With Shropshire having und-ergone one of those administrative disruptions that central government inflicts on us from time to time, the new council has a great opportunity to set right one aspect of local government that worries a large number of electors.

The district councils that are part-autonomous entities within the existing Shropshire County Council have been done away with and all their functions taken on by a newly constituted unitary authority, Shropshire Council (why it is no longer a ‘county council’ isn’t explained).

One of the most significant, and potentially contentious powers passing from the old district councils to the new Shropshire Council will be the granting of planning permissions.

It is an inescapable truth that in rural England, the difference in value between a plot of land with permission to develop and one with no permission is enormous – not uncommonly by a multiplier of fifty.

For an asset to be re-valued fifty-fold at the stroke of a planning committee chairman’s pen would represent a spectacular windfall to any landowner.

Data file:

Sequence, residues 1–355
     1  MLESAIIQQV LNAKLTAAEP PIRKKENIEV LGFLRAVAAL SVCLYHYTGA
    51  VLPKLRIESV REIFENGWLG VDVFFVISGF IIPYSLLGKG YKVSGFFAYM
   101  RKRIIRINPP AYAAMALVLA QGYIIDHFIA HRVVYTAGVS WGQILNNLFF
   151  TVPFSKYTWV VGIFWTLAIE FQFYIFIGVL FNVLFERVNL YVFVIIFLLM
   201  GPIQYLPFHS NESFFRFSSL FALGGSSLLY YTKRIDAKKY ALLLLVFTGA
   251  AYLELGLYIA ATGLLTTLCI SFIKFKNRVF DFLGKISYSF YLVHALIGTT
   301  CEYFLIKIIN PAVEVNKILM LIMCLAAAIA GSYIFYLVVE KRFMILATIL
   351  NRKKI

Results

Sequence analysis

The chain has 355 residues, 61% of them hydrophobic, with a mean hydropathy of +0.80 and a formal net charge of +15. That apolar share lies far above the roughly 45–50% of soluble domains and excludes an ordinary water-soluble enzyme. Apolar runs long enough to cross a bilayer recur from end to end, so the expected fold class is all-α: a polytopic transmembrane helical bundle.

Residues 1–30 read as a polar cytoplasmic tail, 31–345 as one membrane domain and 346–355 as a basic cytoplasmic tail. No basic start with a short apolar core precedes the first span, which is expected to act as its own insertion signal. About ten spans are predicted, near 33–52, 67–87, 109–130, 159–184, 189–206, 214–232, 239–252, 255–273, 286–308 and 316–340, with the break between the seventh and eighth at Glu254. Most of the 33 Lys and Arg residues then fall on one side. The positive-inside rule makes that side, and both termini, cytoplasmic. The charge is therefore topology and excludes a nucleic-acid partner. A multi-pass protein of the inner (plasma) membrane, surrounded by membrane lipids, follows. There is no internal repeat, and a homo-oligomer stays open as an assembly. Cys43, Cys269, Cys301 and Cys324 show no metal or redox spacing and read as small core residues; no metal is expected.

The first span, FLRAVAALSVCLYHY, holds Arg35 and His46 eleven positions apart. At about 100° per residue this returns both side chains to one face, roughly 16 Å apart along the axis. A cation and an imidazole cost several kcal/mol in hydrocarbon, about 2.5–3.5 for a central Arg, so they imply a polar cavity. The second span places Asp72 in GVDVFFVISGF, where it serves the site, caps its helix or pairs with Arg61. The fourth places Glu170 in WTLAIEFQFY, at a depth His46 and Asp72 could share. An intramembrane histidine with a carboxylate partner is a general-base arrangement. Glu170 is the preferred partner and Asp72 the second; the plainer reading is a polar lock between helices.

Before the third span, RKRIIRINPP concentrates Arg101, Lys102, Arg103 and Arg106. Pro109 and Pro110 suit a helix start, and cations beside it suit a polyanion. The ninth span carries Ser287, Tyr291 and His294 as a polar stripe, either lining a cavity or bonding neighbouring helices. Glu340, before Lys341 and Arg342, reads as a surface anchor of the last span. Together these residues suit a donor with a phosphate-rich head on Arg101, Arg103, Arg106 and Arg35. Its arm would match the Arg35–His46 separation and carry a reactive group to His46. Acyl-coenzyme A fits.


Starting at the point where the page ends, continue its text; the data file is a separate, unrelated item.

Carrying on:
The temptation, therefore, for an owner to make use of any influences that may have a bearing on the planning authority’s decision to grant permission is very powerful.

It is possible that some elected members of local authorities may be members of a Masonic Lodge and that an applicant may be a member of the same or other nearby Masonic Lodge.

As a result, it is inevitably a perception widely held (rightly or wrongly) that there is scope for members of the fraternity of Freemasons to use their position to favour their fellow lodge members and their connections.

As long as the possibility – and thus the suspicion – that this kind of corruption exists, it is extremely important to the democratic processes and open government that members of Masonic lodges declare their membership with their applications for candidacy and in their electioneering literature.

It would be a fine gesture if the new Shropshire Council were to show a lead in confronting this topic, which, so far, has been avoided by every other electoral body in this country.

Candidates putting themselves up for public election should not be allowed to hide their membership of a secret society.

Peter Burden, Ludlow.